Slip op., at 15. The majority then spends some time construing the regulation itself, concluding that the language of the statute was intended to broadly include all manner of transactions that, in certain industries, were tantamount to a sale in the most conventional sense. In the regulated industry of pharmaceutical sales, the majority observed that the representatives did all that was allowed:
Obtaining a nonbinding commitment from a physician to prescribe one of respondent’s drugs is the most that petitioners were able to do to ensure the eventual disposition of the products that respondent sells. This kind of arrangement, in the unique regulatory environment within which pharmaceutical companies must operate, comfortably falls within the catch- all category of “other disposition.”
Slip op., at 20-21.
The minority opinion, authored by Justice Breyer, accepted the majority’s description of the job in question and agreed that deference to the DOL interpretation was not justified given the recent change in that interpretation. Instead, the minority opnion simply disagrees with the construction of the language at issue:
Unless we give the words of the statute and regulations some special meaning, a detailer’s primary duty is not that of “making sales” or the equivalent. A detailer might convince a doctor to prescribe a drug for a particular kind of patient. If the doctor encounters such a patient, he might prescribe the drug. The doctor’s client, the patient, might take the prescription to a pharmacist and ask the pharmacist to fill the prescription. If so, the pharmacist might sell the manufacturer’s drug to the patient, or might substitute a generic version. But it is the pharmacist, not the detailer, who will have sold the drug.
Minority slip op., at 3. The minority opinion concludes that the representatives stimulate sales eventually made by others:
The detailer’s work, in my view, is more naturally characterized as involving “[p]romotional activities designed to stimulate sales . . . made by someone else,” §541.503, e.g., the pharmacist or the wholesaler, than as involving “[p]romotional activities designed to stimulate” the detailer’s “own sales.”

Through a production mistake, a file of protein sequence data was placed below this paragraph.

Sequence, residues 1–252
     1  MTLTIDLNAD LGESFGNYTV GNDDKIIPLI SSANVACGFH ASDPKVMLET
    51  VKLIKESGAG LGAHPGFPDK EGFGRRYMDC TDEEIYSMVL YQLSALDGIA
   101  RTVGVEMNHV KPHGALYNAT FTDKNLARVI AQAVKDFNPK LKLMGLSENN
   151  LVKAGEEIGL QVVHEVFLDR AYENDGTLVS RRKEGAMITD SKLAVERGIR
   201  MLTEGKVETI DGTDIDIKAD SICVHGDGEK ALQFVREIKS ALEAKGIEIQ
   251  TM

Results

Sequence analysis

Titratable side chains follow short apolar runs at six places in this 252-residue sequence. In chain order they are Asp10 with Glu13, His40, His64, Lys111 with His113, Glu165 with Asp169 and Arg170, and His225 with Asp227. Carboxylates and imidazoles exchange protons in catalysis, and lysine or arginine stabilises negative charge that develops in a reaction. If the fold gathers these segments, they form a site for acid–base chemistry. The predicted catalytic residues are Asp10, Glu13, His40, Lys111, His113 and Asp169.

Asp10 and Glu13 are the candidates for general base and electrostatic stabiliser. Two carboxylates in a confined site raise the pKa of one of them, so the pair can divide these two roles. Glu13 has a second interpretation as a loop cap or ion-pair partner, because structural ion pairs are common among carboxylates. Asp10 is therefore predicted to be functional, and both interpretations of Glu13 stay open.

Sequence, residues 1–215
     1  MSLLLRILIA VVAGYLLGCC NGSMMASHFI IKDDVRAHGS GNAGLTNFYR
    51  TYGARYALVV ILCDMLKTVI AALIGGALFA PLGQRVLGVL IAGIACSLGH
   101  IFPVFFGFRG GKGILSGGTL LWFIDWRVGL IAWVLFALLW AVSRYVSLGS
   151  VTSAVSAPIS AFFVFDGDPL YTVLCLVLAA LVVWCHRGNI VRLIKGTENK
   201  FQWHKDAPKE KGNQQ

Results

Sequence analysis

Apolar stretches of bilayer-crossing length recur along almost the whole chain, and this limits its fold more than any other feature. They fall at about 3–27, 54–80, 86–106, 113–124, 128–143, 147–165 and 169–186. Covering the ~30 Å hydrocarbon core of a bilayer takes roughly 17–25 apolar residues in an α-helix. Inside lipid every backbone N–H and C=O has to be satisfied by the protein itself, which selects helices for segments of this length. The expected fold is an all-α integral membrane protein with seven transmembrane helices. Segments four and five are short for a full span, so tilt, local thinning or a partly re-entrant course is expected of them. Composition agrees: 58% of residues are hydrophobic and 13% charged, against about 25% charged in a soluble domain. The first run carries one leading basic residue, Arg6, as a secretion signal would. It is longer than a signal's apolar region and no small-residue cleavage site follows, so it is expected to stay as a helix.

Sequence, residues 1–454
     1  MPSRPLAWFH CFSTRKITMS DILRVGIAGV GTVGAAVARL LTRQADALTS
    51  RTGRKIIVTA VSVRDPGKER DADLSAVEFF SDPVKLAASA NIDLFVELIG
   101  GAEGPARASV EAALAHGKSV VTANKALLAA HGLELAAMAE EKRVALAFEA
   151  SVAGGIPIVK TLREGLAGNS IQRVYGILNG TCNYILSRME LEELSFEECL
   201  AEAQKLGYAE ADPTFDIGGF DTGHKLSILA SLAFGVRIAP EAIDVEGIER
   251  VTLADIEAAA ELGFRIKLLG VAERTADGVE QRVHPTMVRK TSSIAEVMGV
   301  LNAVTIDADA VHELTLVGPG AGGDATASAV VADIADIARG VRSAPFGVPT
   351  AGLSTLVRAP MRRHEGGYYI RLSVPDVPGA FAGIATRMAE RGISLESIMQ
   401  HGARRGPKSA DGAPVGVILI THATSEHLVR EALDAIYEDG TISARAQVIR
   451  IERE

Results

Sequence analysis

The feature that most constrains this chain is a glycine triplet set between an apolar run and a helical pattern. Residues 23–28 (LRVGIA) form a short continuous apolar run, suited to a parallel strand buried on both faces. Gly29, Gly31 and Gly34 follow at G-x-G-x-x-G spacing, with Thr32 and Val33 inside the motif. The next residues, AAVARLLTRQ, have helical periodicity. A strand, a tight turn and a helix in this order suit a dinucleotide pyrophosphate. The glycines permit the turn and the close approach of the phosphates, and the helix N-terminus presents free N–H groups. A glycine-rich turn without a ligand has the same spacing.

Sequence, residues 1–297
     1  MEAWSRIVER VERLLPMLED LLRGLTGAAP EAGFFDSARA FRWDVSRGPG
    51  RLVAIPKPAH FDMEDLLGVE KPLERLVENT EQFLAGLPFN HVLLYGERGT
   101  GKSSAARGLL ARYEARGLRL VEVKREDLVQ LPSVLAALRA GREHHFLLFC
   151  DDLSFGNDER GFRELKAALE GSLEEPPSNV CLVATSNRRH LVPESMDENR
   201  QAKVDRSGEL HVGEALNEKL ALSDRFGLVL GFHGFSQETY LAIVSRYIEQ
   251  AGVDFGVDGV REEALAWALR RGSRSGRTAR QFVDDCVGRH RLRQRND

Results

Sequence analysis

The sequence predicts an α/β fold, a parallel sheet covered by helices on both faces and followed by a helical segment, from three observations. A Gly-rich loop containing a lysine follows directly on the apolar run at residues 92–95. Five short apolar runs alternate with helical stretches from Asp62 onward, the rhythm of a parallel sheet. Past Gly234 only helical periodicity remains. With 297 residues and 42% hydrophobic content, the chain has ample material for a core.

Minority slip op., at 5. The minority emphasized the fact that doctors determine what to prescribe, based on medical need:
To the contrary, the document makes clear that the pharmaceutical industry itself understands that it cannot be a detailer’s “primary duty” to obtain a nonbinding commitment, for, in respect to many doctors, such a commitment taken alone is unlikely to make a significant difference to their doctor’s use of a particular drug. When a particular drug, say Drug D, constitutes the best treatment for a particular patient, a knowledgeable doctor should (hence likely will) prescribe it irrespective of any nonbinding commitment to do so. Where some other drug, however, is likely to prove more beneficial for a particular patient, that doctor should not (hence likely will not) prescribe Drug D irrespective of any nonbinding commitment to the contrary.
Minority slip op., at 6. The minority concluded by dismissing the majority’s fears that a salesman who takes an order would suddenly become non-exempt by transferring the order to jobber’s employee to be filled. The minority noted that the example created no basis for fear, given that the salesman had obtained a firm commitment to buy the product. Regardless of the quality of the counter-arguments, the minority opinion by Justice Breyer is just that, a minority opinion, and "sales" are evidently in the eye of the beholder.